Tailored drug release surfaces for regenerative medicine and targeted nanotherapies
Paula T. Hammond, Ph.D.
David H. Koch Professor in Engineering
Massachusetts Institute of Technology
Alternating electrostatic assembly is a tool that makes it possible to create ultrathin film coatings that contain highly controlled quantities of one or more therapeutic molecules within a singular construct. These release systems greatly exceed the usual ranges of traditional degradable polymers. The nature of the layering process enables the incorporation of different drugs within different regions of the thin-film architecture; the result is an ability to uniquely tailor both the independent-release profiles and order-of-release of each therapeutic to the targeted region of the body. The Hammond lab has demonstrated the use of this approach to release or present signaling molecules such as growth factors and small-interfering RNA (siRNA) and DNA to regulate genes to facilitate tissue regeneration in situ for orthopedic implants, address soft-tissue wound healing, deliver vaccines from microneedle surfaces, or administer targeted nanotherapies that are highly synergistic for cancer treatments.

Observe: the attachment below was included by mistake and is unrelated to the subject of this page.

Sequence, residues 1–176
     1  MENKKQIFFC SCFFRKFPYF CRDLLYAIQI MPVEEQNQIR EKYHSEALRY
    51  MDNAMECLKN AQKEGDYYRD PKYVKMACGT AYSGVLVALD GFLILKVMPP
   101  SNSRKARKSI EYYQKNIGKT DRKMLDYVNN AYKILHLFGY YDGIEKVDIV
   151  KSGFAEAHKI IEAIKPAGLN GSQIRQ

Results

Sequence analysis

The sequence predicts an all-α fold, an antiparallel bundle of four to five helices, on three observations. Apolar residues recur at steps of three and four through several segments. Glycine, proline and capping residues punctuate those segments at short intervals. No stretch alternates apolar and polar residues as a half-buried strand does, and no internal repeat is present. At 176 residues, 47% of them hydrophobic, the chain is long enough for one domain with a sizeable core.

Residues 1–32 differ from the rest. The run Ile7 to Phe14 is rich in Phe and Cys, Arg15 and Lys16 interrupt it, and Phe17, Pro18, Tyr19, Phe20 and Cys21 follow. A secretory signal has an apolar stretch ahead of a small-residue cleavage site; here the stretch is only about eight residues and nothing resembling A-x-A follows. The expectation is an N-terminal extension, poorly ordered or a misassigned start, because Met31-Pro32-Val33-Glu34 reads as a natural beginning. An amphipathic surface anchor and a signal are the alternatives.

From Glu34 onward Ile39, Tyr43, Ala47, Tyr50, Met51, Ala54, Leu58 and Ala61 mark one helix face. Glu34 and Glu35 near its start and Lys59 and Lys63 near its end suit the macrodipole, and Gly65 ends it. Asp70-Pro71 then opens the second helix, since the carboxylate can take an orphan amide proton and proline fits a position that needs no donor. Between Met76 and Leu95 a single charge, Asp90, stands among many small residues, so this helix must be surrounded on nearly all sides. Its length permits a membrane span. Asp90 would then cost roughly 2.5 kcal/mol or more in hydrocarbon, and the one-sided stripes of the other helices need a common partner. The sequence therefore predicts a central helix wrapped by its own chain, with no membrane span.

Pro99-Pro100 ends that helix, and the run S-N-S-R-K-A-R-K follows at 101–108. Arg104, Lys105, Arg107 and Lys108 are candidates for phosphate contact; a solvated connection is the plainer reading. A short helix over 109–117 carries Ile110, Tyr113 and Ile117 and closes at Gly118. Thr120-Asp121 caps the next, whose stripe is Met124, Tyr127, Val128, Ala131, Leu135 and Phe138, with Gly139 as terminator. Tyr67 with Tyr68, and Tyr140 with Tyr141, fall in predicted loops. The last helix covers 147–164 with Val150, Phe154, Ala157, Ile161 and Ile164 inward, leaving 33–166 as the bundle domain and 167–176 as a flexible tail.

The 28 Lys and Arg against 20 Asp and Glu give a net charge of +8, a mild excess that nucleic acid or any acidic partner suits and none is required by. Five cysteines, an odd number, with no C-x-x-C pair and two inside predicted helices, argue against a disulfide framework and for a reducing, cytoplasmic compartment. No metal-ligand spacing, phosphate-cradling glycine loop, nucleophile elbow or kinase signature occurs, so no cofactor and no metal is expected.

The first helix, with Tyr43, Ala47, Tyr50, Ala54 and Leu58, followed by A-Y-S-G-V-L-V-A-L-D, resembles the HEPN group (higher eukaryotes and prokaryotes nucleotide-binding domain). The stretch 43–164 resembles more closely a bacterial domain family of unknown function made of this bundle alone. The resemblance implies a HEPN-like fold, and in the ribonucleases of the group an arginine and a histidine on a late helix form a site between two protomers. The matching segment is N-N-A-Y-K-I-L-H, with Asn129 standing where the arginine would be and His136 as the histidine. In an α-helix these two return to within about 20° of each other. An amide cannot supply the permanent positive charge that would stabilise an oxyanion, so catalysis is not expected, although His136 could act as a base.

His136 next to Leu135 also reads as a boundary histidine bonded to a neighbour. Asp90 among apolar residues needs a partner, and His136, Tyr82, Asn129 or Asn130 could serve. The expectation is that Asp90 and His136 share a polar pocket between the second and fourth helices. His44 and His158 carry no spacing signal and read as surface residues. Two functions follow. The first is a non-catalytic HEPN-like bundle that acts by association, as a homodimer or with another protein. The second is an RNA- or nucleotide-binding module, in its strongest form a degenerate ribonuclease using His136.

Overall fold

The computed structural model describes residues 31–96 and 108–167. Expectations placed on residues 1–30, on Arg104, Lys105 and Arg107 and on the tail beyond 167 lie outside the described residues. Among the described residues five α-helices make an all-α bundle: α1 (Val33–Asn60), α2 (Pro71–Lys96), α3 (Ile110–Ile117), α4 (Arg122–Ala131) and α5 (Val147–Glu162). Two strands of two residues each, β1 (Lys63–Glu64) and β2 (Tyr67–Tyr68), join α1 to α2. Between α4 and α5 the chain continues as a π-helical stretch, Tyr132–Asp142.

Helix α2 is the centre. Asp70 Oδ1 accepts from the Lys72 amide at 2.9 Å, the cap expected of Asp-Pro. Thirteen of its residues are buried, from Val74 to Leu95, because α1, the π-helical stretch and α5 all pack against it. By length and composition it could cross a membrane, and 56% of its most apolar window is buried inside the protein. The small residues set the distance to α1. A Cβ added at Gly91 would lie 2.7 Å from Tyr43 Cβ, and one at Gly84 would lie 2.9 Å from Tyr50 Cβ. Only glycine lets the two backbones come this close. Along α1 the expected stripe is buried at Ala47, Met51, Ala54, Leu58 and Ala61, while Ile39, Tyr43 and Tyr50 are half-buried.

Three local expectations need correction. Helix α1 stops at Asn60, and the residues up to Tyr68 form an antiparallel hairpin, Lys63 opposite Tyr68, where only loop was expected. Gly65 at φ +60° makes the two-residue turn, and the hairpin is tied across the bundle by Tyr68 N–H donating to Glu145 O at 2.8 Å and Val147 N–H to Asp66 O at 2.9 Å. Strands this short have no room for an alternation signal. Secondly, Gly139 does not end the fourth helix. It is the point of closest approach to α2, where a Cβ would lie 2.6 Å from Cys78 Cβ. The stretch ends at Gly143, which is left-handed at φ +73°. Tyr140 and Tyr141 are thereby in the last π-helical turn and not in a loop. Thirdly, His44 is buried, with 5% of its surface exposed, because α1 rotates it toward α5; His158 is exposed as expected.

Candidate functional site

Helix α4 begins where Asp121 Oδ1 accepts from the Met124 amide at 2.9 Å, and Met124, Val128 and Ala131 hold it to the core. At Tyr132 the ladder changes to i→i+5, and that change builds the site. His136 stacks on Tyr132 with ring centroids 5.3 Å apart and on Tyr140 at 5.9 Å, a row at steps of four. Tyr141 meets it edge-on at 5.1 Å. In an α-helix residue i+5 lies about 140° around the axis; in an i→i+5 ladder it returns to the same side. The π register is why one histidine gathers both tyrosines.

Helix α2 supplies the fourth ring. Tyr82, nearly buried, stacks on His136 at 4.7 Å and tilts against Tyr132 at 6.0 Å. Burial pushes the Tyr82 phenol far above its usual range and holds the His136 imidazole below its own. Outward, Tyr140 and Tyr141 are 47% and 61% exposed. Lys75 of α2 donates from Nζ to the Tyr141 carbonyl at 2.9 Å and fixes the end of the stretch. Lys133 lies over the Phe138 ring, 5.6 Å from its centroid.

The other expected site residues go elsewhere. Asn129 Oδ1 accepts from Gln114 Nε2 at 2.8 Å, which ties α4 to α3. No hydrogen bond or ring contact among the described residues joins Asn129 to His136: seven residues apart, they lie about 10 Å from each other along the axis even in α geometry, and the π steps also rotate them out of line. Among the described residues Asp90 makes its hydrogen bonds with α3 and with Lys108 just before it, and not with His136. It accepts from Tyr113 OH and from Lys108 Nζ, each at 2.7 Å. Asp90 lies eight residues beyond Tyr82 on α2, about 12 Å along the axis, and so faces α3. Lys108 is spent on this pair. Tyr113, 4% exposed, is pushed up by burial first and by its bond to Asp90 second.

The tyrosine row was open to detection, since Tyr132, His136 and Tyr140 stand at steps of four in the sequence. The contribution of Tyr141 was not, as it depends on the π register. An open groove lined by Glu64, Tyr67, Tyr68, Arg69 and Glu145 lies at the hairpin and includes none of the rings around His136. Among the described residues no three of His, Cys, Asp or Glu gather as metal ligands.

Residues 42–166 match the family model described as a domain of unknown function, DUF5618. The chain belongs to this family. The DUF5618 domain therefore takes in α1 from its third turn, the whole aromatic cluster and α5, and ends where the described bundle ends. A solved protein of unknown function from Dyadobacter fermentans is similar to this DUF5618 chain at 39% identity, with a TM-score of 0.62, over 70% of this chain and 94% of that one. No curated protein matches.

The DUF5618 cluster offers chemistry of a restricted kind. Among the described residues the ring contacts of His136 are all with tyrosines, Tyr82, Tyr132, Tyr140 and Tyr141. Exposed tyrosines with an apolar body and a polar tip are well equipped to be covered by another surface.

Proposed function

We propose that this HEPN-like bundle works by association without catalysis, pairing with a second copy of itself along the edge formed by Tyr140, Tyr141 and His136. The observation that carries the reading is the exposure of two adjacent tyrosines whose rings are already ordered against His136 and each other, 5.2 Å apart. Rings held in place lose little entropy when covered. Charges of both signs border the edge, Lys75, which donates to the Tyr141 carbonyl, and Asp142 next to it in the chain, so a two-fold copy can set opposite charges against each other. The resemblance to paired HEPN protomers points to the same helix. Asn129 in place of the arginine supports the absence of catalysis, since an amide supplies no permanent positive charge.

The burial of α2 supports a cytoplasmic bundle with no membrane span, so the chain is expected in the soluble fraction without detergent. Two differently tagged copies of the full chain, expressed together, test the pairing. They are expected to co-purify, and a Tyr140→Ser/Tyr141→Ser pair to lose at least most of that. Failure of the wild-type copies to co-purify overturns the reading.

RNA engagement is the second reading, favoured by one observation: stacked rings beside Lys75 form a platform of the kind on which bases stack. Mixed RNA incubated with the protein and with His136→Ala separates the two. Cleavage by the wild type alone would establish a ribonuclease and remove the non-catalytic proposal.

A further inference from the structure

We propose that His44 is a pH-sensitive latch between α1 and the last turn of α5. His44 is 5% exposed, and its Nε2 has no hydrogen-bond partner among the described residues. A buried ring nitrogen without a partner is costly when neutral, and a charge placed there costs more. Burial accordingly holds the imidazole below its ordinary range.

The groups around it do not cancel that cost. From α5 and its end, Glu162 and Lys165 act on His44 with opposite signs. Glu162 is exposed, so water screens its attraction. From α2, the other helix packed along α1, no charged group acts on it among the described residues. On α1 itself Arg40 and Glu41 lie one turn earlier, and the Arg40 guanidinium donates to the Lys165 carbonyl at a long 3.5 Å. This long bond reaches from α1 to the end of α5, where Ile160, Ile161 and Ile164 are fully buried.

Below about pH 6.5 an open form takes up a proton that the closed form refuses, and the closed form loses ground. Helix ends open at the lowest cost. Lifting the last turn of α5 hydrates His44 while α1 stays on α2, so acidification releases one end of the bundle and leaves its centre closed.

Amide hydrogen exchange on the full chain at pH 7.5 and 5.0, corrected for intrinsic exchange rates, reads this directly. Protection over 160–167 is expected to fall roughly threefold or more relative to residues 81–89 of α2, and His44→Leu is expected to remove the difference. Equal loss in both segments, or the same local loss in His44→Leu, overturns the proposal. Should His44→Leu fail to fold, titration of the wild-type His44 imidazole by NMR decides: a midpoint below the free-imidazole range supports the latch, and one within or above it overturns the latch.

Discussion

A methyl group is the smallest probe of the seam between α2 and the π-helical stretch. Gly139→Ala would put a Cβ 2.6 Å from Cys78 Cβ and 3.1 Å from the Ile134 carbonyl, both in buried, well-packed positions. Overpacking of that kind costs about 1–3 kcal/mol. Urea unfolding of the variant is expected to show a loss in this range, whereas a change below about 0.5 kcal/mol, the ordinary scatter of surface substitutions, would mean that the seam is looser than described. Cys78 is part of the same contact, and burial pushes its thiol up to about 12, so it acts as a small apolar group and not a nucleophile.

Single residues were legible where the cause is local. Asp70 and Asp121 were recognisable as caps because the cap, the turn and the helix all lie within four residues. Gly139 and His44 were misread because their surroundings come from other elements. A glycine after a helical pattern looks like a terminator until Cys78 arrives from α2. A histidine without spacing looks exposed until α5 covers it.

This page was last updated on Wednesday, August 11, 2021